DSRD was asked to examine the policies, procedures, and business plan of the Army Reuse Center (ARC). We produced advice and reports on these issues. We also examined the basic rationale for the existence of the ARC - that is the contention that reusing software makes operational and economic sense. We created and presented the following paper to address this question.
It is shown that software reuse and, more generally, systems reuse are more than theory, software is being reused in real systems. Not only is the practice of systems reuse an actuality, it is also making good its promises for cost savings. The Army Reuse Center is creating the environment that supports the practice and is providing the cross-system technical support that is needed for continuity.
1 Theory of Reuse
Software reuse is a nice theory. The theory says it's cheaper to reuse software components multiple times than to build for each project. However, there appear to be problems in actually applying this theory to real projects. For example, last year's Software Technology Conference contained nine papers discussing the theory of software reuse [1, 2, 3, 4, 5, 6, 7, 8, 9], and four making some reference to actual applications of software reuse [10, 11, 12, 13], but only two that contain metrics of some sort. One of these presented percentage time savings in student coding  and the other listed a very large expected dollar savings without detailing how much would be due to reuse or how the savings were to be achieved . The situation in books is worse, due to the lag in publication times. For example, the classic Prieto-Diaz/Arango book  was published in 1991 and contains articles from the late 80's. Only one of these articles discusses actual reuse and, at the time of its writing, no actual reuse had occurred. Shari Pfleeger  cites several reports of internal corporate high percentage reuse of code. Thus, despite a natural propensity for skepticism, there are real savings being achieved and with careful execution the application and savings can grow non-linearly.
Software reuse is not new. It is likely that no programmer has rewritten code when he or she could reuse sections of his or her own previous products. That practice is clearly cheaper in terms of personal effort. However, personal experience has taught us that these opportunities are limited, a teaching that colors our views of institutionalized software reuse.
A proper theory of reuse resets our expectations:
1. Reuse is not limited to just code. For example, domain knowledge, architectural structures and documentation can supply components for reuse, expanding the potential scope of savings. For this reason, systems reuse is a better term than software reuse.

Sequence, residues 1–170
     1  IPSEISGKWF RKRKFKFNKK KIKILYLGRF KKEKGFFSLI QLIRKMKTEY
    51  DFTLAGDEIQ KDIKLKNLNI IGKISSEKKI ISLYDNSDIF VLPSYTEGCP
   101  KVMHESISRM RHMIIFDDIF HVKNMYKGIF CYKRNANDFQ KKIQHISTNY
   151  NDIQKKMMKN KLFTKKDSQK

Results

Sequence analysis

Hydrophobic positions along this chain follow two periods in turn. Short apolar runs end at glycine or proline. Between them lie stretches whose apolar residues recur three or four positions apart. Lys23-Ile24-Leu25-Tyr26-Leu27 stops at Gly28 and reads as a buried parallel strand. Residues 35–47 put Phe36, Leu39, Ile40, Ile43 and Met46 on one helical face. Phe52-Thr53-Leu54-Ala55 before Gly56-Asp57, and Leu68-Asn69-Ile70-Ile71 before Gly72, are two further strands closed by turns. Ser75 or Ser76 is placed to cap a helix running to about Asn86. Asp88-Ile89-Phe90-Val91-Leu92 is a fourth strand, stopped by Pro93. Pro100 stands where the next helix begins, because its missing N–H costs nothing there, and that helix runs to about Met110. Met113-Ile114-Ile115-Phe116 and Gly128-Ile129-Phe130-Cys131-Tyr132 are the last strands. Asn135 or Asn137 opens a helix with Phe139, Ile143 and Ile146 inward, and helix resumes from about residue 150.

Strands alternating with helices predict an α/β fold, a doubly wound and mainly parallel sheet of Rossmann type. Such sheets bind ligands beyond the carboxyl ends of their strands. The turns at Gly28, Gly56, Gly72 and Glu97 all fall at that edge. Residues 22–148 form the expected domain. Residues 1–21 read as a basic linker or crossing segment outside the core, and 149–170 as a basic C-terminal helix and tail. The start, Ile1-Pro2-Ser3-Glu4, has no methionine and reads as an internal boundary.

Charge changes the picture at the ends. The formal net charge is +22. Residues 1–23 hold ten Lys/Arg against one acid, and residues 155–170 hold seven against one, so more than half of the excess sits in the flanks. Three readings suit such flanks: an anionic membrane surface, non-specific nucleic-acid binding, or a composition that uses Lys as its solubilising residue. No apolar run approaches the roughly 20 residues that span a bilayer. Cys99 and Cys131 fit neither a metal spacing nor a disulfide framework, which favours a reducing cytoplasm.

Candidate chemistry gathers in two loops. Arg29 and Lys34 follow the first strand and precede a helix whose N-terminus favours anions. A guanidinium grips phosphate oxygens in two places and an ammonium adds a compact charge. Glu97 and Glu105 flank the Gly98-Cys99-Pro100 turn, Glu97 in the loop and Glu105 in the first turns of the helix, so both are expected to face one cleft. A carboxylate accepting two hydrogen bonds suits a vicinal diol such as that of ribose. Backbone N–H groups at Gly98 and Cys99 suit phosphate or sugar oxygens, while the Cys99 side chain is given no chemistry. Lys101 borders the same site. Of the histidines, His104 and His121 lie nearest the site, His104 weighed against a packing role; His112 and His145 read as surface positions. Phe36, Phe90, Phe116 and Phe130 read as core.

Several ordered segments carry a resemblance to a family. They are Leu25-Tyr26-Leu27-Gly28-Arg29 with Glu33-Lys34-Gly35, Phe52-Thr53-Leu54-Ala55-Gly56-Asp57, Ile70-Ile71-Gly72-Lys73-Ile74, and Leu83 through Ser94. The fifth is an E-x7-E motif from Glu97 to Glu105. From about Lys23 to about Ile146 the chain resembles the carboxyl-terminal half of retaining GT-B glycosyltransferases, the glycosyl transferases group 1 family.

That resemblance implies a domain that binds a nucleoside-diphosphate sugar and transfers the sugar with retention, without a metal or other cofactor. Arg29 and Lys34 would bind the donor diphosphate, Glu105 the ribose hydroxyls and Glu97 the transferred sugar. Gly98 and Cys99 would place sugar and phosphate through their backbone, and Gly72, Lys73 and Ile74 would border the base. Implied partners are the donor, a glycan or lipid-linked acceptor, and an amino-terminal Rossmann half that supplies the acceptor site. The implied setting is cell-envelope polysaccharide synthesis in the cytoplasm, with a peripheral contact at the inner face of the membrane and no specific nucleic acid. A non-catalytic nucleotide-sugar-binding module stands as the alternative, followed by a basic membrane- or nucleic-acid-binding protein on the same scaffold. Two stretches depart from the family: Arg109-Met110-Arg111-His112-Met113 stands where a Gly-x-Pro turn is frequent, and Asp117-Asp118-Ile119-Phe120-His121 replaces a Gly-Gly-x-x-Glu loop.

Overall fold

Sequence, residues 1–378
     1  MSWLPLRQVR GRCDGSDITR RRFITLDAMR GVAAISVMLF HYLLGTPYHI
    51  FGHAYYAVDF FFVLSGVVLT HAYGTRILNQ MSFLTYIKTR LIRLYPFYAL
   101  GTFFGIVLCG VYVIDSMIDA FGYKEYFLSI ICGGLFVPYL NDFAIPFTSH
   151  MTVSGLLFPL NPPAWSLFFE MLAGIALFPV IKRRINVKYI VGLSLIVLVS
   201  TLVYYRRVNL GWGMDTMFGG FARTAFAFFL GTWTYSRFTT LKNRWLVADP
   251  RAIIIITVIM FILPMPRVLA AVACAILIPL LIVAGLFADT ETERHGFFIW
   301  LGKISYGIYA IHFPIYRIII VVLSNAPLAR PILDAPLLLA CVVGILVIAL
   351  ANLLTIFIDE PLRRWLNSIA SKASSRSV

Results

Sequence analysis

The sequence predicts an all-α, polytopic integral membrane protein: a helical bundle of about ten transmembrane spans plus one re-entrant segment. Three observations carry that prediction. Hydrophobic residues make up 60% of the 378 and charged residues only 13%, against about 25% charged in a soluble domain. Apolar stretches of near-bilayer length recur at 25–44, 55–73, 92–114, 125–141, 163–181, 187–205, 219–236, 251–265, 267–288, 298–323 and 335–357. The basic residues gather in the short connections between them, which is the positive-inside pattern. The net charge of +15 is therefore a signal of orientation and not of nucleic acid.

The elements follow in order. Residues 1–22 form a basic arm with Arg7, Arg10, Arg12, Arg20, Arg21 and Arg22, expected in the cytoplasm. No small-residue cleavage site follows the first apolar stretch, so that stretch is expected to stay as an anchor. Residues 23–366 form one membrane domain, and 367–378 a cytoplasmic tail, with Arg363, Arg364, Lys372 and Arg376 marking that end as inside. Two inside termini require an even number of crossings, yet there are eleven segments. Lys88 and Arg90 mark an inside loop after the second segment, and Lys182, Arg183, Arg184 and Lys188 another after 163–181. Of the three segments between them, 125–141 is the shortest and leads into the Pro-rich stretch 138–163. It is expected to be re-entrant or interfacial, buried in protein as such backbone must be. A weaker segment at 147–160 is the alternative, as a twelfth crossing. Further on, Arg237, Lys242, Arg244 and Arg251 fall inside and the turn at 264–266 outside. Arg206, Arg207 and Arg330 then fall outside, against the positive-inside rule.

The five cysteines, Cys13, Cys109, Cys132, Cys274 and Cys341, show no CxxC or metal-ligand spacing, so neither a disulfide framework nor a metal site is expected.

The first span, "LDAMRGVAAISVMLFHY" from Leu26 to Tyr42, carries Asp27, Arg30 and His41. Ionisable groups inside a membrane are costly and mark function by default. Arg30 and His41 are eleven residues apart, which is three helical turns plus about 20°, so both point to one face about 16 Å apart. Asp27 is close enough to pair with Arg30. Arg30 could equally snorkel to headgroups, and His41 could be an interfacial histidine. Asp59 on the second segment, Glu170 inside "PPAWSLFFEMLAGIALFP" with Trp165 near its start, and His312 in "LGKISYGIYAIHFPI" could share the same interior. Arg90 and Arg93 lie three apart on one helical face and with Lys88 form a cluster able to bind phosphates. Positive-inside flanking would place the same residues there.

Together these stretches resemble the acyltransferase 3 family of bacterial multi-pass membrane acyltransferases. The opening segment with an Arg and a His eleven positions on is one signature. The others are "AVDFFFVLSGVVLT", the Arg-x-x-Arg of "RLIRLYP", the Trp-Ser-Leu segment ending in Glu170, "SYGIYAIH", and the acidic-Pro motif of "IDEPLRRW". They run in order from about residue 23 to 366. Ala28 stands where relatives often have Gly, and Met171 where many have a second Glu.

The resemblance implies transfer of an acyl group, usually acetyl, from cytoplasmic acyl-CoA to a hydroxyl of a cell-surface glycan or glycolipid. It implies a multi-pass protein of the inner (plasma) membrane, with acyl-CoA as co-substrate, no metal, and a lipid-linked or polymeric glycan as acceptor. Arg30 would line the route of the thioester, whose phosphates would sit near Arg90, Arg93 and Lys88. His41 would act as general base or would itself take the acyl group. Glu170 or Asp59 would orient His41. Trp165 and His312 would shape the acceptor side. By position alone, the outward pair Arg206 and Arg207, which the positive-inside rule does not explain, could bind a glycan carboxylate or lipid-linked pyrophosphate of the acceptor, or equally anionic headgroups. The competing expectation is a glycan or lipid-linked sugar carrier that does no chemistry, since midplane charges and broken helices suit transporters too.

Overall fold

2. Conscious collection of well documented components from multiple authors represents a manifold expansion of scope from single author reuse.
3. Properly planned reuse methodology results in improved reliability. Quality assurance practices require that code components must meet or exceed set standards and non-code components must be validated. Testing practices ensure that fielded components have been tested at least once and generally twice, greatly increasing reliability. This reliability increases as more systems reuse the component. Further, components for reuse must be fully documented.
4. By definition, a new system cannot consist solely of reused components. At the very least, the connective tissue among components must be new. Most likely the defining logic of the new system will be new. However, the mundane functions of the system are likely to comprise 50% of the structure and these mundane functions will have been done before! Potentially, they could be supplied by reused components.
The statement of purpose for the premiere systems reuse organization, the Army Reuse Center (ARC), found in Proposed ARC Reinvention Implementation: Guide to Reimbursable Operations , defines organized systems reuse and the ARC's part in it.
The ARC is in the business of providing software development organizations with the products and services to improve their productivity, particularly as relates to software life-cycle development asset reuse. The customer base of the ARC will primarily consist of Army elements, with significant portions from other parts of the [Department of Defense] DOD. Elements of other federal agencies will be targets of opportunity.